Drug-related mistakes committed by a New Jersey doctor or a physician in some other state can encompass a number of diverse factors and situations. Doctors sometimes prescribe the wrong drug to a patient. Occasionally, the wrong dose of a medication is administered, or a medicine finds its way to a patient who has been misidentified. These are all examples of medication error that commonly occurs across the country and sometimes has serious and even fatal consequences for patients.
Where does a doctor fit in, though, who acts purposely and with full knowledge that his prescribing may be flatly dangerous to a patient? A doctor, for example, who writes prescriptions at a rate that is more than 150 times the national average? Or a physician for whom nearly 80 percent of all prescriptions written are for Schedule II drugs — those deemed as having the highest potential for abuse and thus tightly controlled, such as morphine and oxycodone?
Such doctors are termed “extreme outliers” in a newly issued government report addressing the Medicare drug program, a rich vein of possibility for those who can write large numbers of prescriptions and be reimbursed by American taxpayers.
That element of fraud, coupled with the clear danger presented to patients by cavalier prescribing practices (as well as the opportunity presented for some drug recipients to sell large amounts of highly addictive drugs to third parties) has resulted in the inspector general for the Department of Health and Human Services calling for tighter oversight of the program by Medicare officials.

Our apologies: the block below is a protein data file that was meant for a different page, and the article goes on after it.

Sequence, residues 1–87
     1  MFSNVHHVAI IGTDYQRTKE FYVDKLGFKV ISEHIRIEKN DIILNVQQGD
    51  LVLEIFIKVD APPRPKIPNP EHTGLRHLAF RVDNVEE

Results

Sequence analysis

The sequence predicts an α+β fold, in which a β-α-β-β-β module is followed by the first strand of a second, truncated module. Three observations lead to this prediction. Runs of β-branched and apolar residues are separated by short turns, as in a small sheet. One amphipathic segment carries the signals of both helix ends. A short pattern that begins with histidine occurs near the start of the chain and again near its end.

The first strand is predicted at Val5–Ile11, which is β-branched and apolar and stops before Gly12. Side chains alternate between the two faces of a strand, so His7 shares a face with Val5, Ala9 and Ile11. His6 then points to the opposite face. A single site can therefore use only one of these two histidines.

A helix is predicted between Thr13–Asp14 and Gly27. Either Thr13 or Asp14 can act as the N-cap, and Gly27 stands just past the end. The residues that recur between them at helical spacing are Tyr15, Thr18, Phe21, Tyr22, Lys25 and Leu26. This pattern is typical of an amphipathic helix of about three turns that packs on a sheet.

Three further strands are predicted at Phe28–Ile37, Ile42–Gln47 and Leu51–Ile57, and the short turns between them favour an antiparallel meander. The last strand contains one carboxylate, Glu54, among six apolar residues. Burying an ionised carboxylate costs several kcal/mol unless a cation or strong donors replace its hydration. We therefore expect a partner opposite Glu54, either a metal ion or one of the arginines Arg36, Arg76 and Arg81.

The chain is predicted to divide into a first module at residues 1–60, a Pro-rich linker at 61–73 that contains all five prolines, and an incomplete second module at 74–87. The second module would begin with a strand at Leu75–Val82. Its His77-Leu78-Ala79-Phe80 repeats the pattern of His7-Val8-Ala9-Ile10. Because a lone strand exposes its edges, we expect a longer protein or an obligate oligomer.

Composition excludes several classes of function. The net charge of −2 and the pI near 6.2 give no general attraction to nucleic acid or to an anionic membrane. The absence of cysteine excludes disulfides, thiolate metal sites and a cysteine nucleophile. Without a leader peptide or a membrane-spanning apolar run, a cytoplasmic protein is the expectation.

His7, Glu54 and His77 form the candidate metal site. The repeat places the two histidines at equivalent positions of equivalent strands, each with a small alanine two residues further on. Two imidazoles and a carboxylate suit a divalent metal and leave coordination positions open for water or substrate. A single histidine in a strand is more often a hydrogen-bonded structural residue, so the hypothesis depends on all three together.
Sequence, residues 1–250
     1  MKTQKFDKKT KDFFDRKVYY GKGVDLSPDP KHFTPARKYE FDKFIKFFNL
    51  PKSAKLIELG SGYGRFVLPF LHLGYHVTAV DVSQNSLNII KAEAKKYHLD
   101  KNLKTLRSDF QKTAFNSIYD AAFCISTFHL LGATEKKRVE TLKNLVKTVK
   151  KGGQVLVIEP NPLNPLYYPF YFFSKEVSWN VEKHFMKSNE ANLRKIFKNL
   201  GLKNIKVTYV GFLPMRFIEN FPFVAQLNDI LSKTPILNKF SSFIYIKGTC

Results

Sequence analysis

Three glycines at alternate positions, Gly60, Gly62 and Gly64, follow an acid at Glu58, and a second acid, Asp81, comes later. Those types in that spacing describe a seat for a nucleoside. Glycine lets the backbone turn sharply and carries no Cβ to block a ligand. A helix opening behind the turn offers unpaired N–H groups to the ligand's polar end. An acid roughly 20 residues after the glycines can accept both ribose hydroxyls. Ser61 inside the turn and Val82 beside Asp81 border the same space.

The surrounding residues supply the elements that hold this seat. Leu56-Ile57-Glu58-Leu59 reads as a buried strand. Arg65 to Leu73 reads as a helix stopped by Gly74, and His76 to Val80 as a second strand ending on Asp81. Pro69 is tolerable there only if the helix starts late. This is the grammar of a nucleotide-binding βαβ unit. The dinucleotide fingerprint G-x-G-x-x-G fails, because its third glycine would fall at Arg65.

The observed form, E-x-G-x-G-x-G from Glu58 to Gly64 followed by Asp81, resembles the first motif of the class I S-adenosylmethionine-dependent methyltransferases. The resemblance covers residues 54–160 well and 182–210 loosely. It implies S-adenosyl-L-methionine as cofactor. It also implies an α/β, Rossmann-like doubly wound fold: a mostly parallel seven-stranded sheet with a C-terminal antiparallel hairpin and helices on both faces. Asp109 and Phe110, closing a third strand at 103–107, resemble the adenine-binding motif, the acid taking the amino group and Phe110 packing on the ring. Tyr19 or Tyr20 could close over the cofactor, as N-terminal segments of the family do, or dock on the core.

The need for that is clearly great and urgent. Twenty percent of the physicians participating in the Medicare program prescribe about 65 percent of all medications, and a mere 700 doctors — the outliers — have a stunningly outsized effect on the drugs prescribed and sold. One media account focusing upon them calls their prescribing habits “highly questionable” and states that they are “wasting staggering sums of money.”
Medicare officials cite agreement with the report, which urges better fraud-detection training and peer-comparison report cards sent to doctors focused upon their prescription history.
Source: Medscape Today, “Potentially harmful Medicare prescribing by more than 700 docs: report,” Mark Crane, June 21, 2013